(a) Cell viability was determined using the MTT assay. The PC12 cell line was maintained in the presence of phenylalanine fibrils (black bars) or the control amino acid, alanine (gray bars). *P < 0.05. (b) TEM micrographs of phenylalanine fibrils, visualized using antibodies that were specifically bound to phenylalanine fibrils and then were marked with a secondary antibody conjugated to 18-nm gold particles. Scale bar is 2 μm. (c) Cell viability was determined using the MTT assay, CHO cell cultures were maintained in the presence of an increasing amount of phenylalanine fibrils (black bars) or immunoprecipitated (IP) solutions of phenylalanine depleted of fibrils (gray bars). As control, phenylalanine fibrils were also incubated with preimmune serum (white bars). *P < 0.05; **P < 0.001. Results for a and c are presented as mean ± s.e.m. (d) CHO cell cultures were incubated with phenylalanine fibrils, fixed, and then incubated with anti-Phe and stained using Alexa 488–conjugated antibody (green, marked with arrows). The cell membrane was marked with phalloidin (red). As controls, CHO cell cultures were incubated with phenylalanine fibrils then fixed and incubated with preimmune serum or without primary antibodies. Scale bars are 10 μm.

  3. Dot-blot analysis and histological staining indicates the presence of phenylalanine fibrils in model mice and PKU patient brain tissues.
    Figure 3: Dot-blot analysis and histological staining indicates the presence of phenylalanine fibrils in model mice and PKU patient brain tissues.

    (a) Dot-blot analysis of phenylalanine fibrils. Column 1, serum of homozygous mouse (Pahenu2) strongly bound the phenylalanine fibrils. Column 2, serum of heterozygous mouse (Pahenu2) did not bind the phenylalanine fibrils. Column 3, serum of wild-type mouse did not bind phenylalanine fibrils. (b) Histological staining of homozygous Pahenu2 mouse brain. The 20-μm-thick brain slices were stained with rabbit anti–Phe fibril antibodies and Congo red and then were examined using fluorescent microscopy. The detected amyloid-like plaques showed colocalization of the fluorescent signal obtained from Congo red and antibody staining. (c) The brain of an individual with PKU was stained with anti–Phe fibril serum or with preimmune serum, examined using light microscopy and co-stained with Congo red. Phenylalanine-positive depositions were found in the parietal cortex. Scale bars are 100 μm.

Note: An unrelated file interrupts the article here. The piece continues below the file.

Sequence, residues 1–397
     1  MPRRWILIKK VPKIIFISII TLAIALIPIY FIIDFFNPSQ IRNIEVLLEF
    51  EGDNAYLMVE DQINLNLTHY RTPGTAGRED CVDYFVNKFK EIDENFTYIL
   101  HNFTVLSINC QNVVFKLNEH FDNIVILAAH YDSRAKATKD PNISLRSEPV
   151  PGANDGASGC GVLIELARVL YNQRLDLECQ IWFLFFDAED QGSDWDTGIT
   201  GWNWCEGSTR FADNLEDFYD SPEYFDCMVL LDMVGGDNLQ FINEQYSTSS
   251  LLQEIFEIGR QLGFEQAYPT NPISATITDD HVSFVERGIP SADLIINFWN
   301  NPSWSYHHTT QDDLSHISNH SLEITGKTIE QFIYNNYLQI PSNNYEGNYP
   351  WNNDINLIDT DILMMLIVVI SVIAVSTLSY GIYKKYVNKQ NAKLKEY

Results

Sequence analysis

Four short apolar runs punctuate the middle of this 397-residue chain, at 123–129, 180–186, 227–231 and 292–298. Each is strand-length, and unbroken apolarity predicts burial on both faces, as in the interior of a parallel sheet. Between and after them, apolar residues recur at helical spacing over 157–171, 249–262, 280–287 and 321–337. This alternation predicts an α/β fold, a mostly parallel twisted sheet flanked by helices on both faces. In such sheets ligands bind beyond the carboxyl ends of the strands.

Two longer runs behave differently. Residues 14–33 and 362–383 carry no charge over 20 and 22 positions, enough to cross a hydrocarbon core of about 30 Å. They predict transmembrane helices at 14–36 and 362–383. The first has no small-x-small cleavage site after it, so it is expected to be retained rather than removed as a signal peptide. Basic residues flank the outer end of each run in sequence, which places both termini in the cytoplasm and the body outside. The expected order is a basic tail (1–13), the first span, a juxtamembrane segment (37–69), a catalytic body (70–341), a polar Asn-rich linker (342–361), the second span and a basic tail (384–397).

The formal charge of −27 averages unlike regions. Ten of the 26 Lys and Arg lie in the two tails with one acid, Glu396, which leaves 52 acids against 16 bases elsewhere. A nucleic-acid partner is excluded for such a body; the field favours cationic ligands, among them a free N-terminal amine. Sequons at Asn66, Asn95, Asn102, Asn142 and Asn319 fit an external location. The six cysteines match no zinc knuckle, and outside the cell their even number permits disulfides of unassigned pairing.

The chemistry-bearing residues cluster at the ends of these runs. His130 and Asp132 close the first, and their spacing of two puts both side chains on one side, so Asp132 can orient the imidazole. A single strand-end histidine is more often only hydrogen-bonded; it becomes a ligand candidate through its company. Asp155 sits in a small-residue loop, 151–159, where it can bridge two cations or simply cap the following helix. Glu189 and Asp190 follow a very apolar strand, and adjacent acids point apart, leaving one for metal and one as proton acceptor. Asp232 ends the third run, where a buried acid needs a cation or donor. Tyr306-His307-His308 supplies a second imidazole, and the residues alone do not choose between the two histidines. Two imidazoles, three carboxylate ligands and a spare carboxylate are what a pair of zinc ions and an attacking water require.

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Author information

Affiliations

  1. Department of Molecular Microbiology and Biotechnology, George S. Wise Faculty of Life Sciences, Tel Aviv University, Tel Aviv, Israel.

    • Lihi Adler-Abramovich,
    • Lilach Vaks,
    • Ohad Carny &
    • Ehud Gazit
  2. Department of Neurobiology, George S. Wise Faculty of Life Sciences, Tel Aviv University, Tel Aviv, Israel.

    • Dorit Trudler &
    • Dan Frenkel
  3. Sagol School of Neuroscience, Tel Aviv University, Tel Aviv, Israel.

    • Dorit Trudler &
    • Dan Frenkel
  4. Department of Biochemistry, University of Zurich, Zurich, Switzerland.

    • Andrea Magno &
    • Amedeo Caflisch

Contributions

L.A.-A., O.C. and E.G. conceived and designed the experiments. L.A.-A. and L.V. planned and performed the experiments. D.T., L.V. and L.A.-A. designed and performed the mouse and human histology experiments. D.F. designed and coordinated the mice and human histology experiments. A.M. designed and performed the molecular dynamics simulations. A.C. designed and coordinated the molecular dynamics simulations. L.A.-A. and E.G. wrote the paper. All authors discussed the results and commented on the manuscript.

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The authors declare no competing financial interests.